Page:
You make your own luck but only if you spot the opportunity - you won't if you're wearing blinkers. It's hard to believe now, but the discipline marketers refer to as geodemographics was originally developed for government.
I created Acorn, the first neighbourhood classification system, while working at the government's Centre for Environmental Studies in the 1970s.
People ask how it came to be a commercial application. I had organised a seminar for local authorities to show how neighbourhood data could identify areas of deprivation. Quite by chance, it attracted Ken Baker, a sampling specialist from BMRB. He was a lateral thinker and he came up with the idea that the Acorn tool would be useful for market research sampling.
I meanwhile had realised that Acorn could help predict the households most likely to respond to direct mail and door drops.
CACI requested a meeting with me, interested in this new idea. It was soon clear that the use of Acorn in combination with Census data would make CACI services much easier for their clients to use.
I went to work for CACI in 1979, the month Mrs Thatcher won her first election. My move was well timed. The new prime minister and her government soon closed the Centre for Environ-mental Studies and created a diaspora of academics who went on to contribute greatly to the growth of many marketing consultancies.
The lesson I learnt from this time is that while you may encounter an inhospitable reaction to your ideas in one environment, it's possible that they will prove attractive in another.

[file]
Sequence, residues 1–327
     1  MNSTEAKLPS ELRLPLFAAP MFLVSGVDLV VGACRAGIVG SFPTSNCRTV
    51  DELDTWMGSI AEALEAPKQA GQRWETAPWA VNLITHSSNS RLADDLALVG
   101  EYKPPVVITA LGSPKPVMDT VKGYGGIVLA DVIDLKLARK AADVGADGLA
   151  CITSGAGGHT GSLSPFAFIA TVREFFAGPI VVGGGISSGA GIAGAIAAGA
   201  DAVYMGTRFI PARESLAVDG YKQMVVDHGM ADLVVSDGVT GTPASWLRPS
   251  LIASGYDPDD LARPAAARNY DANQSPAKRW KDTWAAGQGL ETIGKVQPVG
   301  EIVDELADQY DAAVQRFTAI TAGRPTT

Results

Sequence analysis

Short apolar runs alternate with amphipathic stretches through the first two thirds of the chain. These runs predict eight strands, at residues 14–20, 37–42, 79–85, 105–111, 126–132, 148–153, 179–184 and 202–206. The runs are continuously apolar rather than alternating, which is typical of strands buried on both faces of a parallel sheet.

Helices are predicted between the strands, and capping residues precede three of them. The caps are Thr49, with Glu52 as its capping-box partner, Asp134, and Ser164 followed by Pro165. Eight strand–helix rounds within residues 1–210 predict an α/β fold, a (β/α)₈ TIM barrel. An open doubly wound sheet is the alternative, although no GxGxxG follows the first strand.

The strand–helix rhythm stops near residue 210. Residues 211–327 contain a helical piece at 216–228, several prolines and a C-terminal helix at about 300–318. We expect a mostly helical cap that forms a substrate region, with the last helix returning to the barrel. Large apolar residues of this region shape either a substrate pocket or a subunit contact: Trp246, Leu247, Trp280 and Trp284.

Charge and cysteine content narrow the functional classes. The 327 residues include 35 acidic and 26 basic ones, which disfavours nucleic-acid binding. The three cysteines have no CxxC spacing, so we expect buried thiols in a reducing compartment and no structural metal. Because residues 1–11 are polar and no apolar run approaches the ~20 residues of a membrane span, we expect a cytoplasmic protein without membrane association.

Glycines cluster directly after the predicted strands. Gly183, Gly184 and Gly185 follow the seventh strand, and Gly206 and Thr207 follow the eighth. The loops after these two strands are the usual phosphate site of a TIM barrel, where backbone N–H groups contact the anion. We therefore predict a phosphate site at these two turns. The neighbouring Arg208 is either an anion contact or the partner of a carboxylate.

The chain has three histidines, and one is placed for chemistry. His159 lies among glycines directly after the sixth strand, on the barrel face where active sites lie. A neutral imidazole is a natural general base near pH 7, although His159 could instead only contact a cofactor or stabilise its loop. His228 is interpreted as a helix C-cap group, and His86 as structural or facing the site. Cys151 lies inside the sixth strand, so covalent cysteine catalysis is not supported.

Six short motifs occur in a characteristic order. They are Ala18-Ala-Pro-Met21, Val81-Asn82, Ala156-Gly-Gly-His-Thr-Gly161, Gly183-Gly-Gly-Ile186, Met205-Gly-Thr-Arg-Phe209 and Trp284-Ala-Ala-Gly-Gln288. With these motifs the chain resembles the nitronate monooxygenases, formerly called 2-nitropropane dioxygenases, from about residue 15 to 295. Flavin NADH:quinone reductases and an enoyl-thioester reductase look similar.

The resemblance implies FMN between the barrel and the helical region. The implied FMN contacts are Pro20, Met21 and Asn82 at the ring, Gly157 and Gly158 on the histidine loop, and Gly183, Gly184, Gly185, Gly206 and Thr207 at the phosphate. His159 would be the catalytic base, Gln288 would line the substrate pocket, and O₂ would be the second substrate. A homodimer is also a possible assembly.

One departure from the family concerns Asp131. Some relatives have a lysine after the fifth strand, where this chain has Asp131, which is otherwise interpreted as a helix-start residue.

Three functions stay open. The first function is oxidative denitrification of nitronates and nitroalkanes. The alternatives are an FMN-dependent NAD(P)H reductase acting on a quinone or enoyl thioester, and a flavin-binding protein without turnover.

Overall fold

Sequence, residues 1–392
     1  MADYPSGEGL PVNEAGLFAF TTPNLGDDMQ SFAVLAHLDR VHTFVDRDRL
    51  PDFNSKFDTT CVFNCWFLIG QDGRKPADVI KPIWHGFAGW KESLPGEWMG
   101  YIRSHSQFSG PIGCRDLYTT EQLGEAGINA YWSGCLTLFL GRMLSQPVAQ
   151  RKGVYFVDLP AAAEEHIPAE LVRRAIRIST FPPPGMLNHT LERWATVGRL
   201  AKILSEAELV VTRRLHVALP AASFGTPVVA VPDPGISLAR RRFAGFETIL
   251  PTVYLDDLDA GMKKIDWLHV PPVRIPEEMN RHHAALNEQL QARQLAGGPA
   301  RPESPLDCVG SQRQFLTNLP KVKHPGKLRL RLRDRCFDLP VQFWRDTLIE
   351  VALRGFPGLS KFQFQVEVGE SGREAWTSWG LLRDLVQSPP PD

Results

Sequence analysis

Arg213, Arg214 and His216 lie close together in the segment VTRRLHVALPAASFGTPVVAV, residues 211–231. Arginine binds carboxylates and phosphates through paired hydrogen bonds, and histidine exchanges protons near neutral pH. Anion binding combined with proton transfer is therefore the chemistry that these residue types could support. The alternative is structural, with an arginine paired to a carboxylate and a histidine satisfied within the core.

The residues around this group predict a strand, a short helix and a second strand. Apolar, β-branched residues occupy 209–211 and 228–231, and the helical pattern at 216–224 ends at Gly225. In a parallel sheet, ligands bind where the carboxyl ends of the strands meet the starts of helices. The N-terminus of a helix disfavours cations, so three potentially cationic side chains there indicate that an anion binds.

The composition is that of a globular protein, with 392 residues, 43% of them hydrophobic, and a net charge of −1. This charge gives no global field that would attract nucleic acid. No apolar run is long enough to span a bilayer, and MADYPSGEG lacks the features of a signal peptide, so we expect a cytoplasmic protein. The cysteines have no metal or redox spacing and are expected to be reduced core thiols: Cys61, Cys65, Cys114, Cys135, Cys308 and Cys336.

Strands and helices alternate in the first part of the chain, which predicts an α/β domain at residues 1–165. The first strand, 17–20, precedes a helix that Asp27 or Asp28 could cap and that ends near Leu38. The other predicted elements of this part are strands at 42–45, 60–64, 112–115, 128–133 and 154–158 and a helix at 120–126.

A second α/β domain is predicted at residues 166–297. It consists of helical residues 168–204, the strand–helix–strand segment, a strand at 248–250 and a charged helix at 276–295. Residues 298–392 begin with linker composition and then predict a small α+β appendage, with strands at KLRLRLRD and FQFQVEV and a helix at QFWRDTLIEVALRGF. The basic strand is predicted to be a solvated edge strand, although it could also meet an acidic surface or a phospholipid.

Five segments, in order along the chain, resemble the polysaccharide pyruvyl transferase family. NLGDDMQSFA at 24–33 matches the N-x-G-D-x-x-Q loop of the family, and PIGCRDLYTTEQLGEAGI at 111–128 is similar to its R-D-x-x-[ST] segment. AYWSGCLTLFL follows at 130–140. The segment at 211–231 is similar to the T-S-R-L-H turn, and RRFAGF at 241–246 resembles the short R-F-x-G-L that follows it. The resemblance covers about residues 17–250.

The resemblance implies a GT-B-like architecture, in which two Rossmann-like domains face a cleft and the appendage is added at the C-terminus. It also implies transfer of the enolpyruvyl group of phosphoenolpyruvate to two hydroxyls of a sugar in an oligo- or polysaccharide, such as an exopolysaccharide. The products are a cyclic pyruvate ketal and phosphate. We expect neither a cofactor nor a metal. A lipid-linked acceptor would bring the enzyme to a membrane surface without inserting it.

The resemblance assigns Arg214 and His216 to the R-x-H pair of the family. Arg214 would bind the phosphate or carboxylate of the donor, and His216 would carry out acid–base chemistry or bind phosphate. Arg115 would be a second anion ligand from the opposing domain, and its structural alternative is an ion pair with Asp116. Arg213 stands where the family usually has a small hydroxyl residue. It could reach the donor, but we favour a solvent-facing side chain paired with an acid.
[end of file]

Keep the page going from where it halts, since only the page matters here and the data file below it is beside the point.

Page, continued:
Eventually the world does turn full circle. Now we have a political regime that is much more interested in government applications for geodemographics, for areas such as the Health Service and the Police, applications I now enjoy working on at the University of London.
After CACI came Experian, where I founded and managed the micromarketing division. Experian is a company that encourages product specialists to build businesses. So it was an ideal base from which I developed Mosaic, the other key geodemographic classification system, and its applications around the world.
I now do a lot of lecturing in universities. The key theme in my lectures to aspirant marketers is to avoid believing there is a single best practice in segmentation. It's critical to understand for what types of businesses different segmentation tools are developed.
Perhaps the biggest change I've noticed over the years is how segmentation is used, not just in traditional direct marketing channels such as mail or telephone, but in deciding how to manage communications with customers in branches and call centres.
Looking back, is there anything I would do differently? Nothing! I often suspect there are many people for whom there is a specific calling or career which they have to find. Giving these people rational career advice is often very damaging. I see this with my children. It's best for them to follow their own inclinations however unproductive they may initially seem.
On the other hand there are undoubtedly people who have no specific destiny.
For them, working in an organisation whose values they share may be far more important than the specific job they do.
Richard Webber was interviewed by Noelle McElhatton
Researcher for the Centre for Environment Studies in London
First DM job
Geodemographic analyst, rising to vice president for the European market
analysis operation at CACI
Climbing the ladder
- Fifteen years at Experian, founding the micromarketing division and
becoming its MD
- Visiting Professor at several universities and geodemographic
consultant operating in Australasia and Hong Kong Secrets
1. Make your own luck
2. Find a hospitable environment in which to release your ideas
3. Give creative thinkers space to develop ideas
4. Follow your heart in your choice of career